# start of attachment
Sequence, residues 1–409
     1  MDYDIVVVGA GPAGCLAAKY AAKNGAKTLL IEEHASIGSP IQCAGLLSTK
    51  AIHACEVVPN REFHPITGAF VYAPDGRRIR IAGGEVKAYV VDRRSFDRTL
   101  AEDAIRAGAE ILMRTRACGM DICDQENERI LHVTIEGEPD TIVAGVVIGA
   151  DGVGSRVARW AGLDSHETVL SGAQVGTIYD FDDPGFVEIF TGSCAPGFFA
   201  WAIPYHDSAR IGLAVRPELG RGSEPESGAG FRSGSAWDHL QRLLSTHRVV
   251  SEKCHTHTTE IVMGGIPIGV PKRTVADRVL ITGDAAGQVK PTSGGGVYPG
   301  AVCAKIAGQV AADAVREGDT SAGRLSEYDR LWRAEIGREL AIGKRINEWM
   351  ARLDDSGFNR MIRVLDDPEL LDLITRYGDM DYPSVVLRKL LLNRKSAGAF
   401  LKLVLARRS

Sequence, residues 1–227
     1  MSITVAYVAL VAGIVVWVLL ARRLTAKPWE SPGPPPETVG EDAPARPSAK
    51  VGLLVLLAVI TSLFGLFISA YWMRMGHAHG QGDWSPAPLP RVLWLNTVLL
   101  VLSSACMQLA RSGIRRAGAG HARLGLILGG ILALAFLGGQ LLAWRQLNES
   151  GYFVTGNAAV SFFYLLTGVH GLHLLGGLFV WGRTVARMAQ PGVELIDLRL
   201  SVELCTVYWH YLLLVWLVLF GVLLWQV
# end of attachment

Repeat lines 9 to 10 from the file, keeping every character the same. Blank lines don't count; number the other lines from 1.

   351  ARLDDSGFNR MIRVLDDPEL LDLITRYGDM DYPSVVLRKL LLNRKSAGAF
   401  LKLVLARRS